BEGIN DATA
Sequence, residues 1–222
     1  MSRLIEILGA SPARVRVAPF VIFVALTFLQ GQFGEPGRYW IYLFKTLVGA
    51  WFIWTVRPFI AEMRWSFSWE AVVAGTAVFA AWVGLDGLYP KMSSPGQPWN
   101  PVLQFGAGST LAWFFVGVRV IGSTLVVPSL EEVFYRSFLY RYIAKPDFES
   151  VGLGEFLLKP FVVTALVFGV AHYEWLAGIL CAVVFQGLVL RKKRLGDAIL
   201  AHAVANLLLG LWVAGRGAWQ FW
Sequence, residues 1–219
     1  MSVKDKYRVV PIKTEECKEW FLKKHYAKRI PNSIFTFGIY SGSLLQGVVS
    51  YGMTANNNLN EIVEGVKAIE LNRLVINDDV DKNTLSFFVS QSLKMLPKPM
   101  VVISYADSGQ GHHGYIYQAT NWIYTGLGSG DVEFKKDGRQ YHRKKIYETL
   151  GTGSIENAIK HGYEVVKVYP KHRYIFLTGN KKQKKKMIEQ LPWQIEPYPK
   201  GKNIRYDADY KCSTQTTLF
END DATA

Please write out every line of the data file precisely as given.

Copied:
Sequence, residues 1–222
     1  MSRLIEILGA SPARVRVAPF VIFVALTFLQ GQFGEPGRYW IYLFKTLVGA
    51  WFIWTVRPFI AEMRWSFSWE AVVAGTAVFA AWVGLDGLYP KMSSPGQPWN
   101  PVLQFGAGST LAWFFVGVRV IGSTLVVPSL EEVFYRSFLY RYIAKPDFES
   151  VGLGEFLLKP FVVTALVFGV AHYEWLAGIL CAVVFQGLVL RKKRLGDAIL
   201  AHAVANLLLG LWVAGRGAWQ FW
Sequence, residues 1–219
     1  MSVKDKYRVV PIKTEECKEW FLKKHYAKRI PNSIFTFGIY SGSLLQGVVS
    51  YGMTANNNLN EIVEGVKAIE LNRLVINDDV DKNTLSFFVS QSLKMLPKPM
   101  VVISYADSGQ GHHGYIYQAT NWIYTGLGSG DVEFKKDGRQ YHRKKIYETL
   151  GTGSIENAIK HGYEVVKVYP KHRYIFLTGN KKQKKKMIEQ LPWQIEPYPK
   201  GKNIRYDADY KCSTQTTLF